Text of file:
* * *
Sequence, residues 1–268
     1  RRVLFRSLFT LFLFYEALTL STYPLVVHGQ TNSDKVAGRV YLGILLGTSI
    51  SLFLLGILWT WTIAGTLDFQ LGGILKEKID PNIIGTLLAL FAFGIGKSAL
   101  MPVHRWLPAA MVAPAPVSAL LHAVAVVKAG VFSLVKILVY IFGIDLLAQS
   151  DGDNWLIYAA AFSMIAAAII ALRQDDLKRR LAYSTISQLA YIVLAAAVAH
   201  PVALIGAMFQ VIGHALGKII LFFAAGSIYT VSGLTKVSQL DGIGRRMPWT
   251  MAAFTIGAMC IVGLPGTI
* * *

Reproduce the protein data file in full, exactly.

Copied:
Sequence, residues 1–268
     1  RRVLFRSLFT LFLFYEALTL STYPLVVHGQ TNSDKVAGRV YLGILLGTSI
    51  SLFLLGILWT WTIAGTLDFQ LGGILKEKID PNIIGTLLAL FAFGIGKSAL
   101  MPVHRWLPAA MVAPAPVSAL LHAVAVVKAG VFSLVKILVY IFGIDLLAQS
   151  DGDNWLIYAA AFSMIAAAII ALRQDDLKRR LAYSTISQLA YIVLAAAVAH
   201  PVALIGAMFQ VIGHALGKII LFFAAGSIYT VSGLTKVSQL DGIGRRMPWT
   251  MAAFTIGAMC IVGLPGTI